Photos: Thai A, Dan Toan, Nguyen Phu Duc

The ancient village of Duong Lam, Mia Pagoda and Va Temple draw scores of visitors, while misty Ba Vi Mount and Tay Thien Peak charm travellers. However, few visitors pay attention to the ancient villages along the Hat River, Da River and Red River that were connected by meandering dykes. In this calm rural area, the houses are as old as the titular temples and village gates. Life continues as it has for centuries.

Dragon decoration in a pagoda

Isolated from National Highway 32, this cluster of villages is set in a distinct landscape. Travel along the meandering dyke and your heart will overflow with serenity. Set off from the embankment near Va Temple towards the capital, admiring scenes a world away from our urban lives. On both sides of the dyke, boundless fields of sugar cane and paddy are nurtured by the alluvial rivers. It is not a coincidence that long-haul buses often stop here to allow passengers to buy fruit. The produce varies with the season and includes jack fruit, guavas, papayas and sugar apples.

Pagoda of Dong Ho village

Visitors should not miss the Temple of the Two Trung Ladies, a key religious site in Hat Mon Commune, Phuc Tho District. This is said to be the site where the Two Trung Ladies chose to commit suicide rather than be captured by enemy troops nearly 2,000 years ago, leaving a legacy that would inspire later generations. The stone elephants, horses, screens and crescent lake outside the temple were recently renovated. Yet the main hall remains virtually unchanged. Thanks to its far-flung location, the temple is usually quiet, except on memorial days and during festivals to honour the Two Trung Ladies and reenact their military feast.

It’s said that long ago, the Hat River was as wide as the Red River. However, as time went by, the river shrunk and is now a narrow stream. Nonetheless, in the Vietnamese mind this river remains a source of divinity. On the two riverbanks, calm villages display water wells, brick walls, tiled roofs and vast green gardens. Phuc Tho District is an important supplier of clean vegetables for Hanoi and its suburbs. The locals specialise in vegetable farming and are very hospitable and honest. Every day and in all types of weather, one can always see diligent farmers working in the lush green fields.

A nghe statue, the peace keeper of the countryside

Heading back to Hanoi, the embankment will take you to Dan Phuong District. This district boasts ancient temples in shady bamboo groves, beautiful mossy village gates, and pagodas. Many villages bear the names Dong Lai or Bong Lai – the Founding Village. These villages feature different types of gates. The most familiar form is a trigate with upwardly curved gables carved with dragons’ heads. In the past, some villages had wooden gates fixed on wooden wheels to allow them to open and close. Every village has a pagoda and temple standing side-by-side. These sites evoke the culture of Vietnam’s northern delta through their roof patterns, belfries, trigates and main halls. Perhaps the most unique pagoda is Tan Hai Pagoda, which was built and restored by the locals to feature stupas and statuettes depicting the Tang monk and his disciples on their journey to the Buddhist West. Besides farming, the locals are known for their carpentry skills. This explains the beauty of the local pagodas.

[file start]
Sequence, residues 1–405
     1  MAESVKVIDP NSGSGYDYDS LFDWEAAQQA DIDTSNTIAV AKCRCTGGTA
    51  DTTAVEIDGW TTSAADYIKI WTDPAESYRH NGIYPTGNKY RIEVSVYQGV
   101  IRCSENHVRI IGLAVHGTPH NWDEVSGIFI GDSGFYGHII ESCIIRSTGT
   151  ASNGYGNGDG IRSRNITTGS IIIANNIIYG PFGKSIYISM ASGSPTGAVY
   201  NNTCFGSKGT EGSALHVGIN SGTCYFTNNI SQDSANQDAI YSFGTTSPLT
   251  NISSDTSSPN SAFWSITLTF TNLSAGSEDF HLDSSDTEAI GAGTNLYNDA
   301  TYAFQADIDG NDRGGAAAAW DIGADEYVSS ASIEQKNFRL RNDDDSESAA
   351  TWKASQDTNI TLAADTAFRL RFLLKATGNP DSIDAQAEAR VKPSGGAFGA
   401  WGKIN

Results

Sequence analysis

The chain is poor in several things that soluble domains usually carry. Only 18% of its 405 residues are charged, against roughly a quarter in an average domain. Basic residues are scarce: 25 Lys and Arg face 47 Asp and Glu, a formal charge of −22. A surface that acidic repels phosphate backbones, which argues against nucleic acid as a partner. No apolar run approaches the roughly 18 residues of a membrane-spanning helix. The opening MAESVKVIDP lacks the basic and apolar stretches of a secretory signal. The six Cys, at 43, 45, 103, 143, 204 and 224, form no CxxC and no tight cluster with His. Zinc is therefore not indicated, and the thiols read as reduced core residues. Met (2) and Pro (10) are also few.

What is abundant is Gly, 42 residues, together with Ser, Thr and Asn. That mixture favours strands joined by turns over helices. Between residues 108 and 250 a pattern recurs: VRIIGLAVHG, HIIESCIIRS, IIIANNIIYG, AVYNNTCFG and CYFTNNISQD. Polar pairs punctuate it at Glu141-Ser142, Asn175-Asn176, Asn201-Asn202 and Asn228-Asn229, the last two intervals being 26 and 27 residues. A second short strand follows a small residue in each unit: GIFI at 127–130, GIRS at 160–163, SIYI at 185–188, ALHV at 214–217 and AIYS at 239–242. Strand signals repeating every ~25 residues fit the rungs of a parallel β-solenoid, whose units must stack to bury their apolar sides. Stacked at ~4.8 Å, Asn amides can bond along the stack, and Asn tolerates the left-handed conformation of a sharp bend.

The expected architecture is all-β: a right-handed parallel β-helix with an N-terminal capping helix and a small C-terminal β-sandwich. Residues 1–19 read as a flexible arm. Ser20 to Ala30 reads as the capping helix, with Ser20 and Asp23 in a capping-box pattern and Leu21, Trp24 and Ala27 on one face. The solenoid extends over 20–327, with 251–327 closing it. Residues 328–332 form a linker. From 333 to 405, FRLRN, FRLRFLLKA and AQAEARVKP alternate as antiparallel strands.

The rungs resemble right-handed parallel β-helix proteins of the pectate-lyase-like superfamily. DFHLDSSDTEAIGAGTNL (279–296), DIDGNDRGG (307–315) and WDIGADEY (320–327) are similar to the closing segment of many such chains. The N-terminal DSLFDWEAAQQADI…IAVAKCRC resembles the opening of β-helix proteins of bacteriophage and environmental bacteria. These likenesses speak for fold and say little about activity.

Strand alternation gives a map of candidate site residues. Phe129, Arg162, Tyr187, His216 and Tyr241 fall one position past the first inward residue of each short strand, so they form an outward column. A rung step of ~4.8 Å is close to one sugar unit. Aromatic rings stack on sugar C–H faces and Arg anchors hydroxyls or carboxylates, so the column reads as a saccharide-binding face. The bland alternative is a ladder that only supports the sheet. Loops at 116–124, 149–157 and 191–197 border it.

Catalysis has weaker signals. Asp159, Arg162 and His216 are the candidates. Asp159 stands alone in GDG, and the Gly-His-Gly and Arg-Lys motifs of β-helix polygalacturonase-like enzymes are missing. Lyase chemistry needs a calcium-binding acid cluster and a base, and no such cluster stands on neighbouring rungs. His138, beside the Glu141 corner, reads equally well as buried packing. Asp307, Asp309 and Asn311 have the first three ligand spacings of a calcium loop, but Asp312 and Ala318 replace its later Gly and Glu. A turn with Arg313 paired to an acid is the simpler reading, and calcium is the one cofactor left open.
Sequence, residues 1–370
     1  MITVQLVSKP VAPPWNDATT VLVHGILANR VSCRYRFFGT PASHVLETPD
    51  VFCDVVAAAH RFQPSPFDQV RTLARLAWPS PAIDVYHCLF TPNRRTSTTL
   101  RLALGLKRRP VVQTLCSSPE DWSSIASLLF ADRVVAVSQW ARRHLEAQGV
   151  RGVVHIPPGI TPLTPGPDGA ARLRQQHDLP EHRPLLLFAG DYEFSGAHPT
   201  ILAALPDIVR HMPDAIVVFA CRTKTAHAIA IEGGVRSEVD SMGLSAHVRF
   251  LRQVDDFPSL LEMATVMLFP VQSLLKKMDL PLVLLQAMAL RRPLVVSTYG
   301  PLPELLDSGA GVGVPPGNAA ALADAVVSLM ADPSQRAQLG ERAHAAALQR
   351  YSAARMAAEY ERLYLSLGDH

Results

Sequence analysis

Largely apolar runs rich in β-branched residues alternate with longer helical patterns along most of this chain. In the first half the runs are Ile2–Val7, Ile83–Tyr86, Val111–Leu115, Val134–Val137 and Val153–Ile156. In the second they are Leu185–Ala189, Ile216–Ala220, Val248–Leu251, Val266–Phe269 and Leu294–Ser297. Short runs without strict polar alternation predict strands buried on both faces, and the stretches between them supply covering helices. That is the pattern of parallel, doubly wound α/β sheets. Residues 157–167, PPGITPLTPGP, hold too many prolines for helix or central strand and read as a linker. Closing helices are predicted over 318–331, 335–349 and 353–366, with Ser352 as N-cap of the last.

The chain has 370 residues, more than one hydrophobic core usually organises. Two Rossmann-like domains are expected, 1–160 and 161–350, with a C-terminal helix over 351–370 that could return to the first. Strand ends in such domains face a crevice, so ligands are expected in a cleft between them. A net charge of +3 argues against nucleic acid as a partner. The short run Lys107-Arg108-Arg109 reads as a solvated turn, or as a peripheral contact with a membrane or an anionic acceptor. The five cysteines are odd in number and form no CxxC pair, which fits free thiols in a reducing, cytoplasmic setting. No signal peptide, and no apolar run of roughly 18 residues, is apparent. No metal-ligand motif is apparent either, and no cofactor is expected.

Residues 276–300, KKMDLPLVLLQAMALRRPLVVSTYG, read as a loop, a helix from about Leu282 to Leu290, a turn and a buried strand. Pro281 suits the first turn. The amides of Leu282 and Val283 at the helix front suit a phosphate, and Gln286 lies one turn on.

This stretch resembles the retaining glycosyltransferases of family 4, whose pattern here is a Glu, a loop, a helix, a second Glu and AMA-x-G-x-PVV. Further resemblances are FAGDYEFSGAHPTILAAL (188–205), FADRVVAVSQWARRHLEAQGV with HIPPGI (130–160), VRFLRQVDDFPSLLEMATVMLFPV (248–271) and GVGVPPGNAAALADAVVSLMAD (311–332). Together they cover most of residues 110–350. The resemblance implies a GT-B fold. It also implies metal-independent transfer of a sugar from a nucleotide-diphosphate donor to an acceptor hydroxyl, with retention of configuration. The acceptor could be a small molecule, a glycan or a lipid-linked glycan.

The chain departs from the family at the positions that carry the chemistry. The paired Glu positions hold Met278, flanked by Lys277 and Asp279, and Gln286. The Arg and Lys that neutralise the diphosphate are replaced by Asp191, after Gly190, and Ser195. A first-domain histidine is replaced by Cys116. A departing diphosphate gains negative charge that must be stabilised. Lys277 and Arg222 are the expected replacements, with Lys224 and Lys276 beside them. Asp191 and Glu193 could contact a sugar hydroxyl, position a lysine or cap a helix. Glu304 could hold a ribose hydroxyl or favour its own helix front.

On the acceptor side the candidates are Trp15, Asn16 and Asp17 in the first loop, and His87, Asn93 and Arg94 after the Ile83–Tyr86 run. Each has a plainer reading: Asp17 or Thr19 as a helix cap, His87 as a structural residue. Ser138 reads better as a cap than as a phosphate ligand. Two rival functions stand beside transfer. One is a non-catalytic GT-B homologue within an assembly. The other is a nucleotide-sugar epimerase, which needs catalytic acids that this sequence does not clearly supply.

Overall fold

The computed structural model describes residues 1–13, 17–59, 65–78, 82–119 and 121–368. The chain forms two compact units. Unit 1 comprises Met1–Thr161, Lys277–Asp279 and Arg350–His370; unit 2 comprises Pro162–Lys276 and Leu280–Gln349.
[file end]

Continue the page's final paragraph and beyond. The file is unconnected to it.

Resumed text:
The gates of Lau village, Ung Hoa

Following the Huu Hong Embankment towards Thang Long Bridge, you will reach Chem Temple, a site that has stood for more than 2,000 years by the southern bank of the Red River. The temple is dedicated to Ly Ong Trong, the Grand Heavenly King – said to have been Vietnam’s first diplomat. According to ancient books, he was born in Chem Village between the late era of King Hung Due and the early era of King An Duong. When King Hung Due sought out talented people, this young man, who had a well-developed body and many talents, took the name Ly Ong Trong and helped the nation. As a military commander he defeated enemy troops in the west and the south, and eventually travelled to the Qin court to help ward off Hung troops. During the Qin dynasty, he was proclaimed Marquess Phu Tin, and granted rewards by his homeland. This legend has endured for 2,000 years and the temple is lovingly maintained by the locals.

The journey through these peaceful villages ends back in the vibrant streets of Hanoi. Life may change, yet the calm beauty of northern Vietnam’s riverside villages remains intact, as does people’s appreciation for their heritage.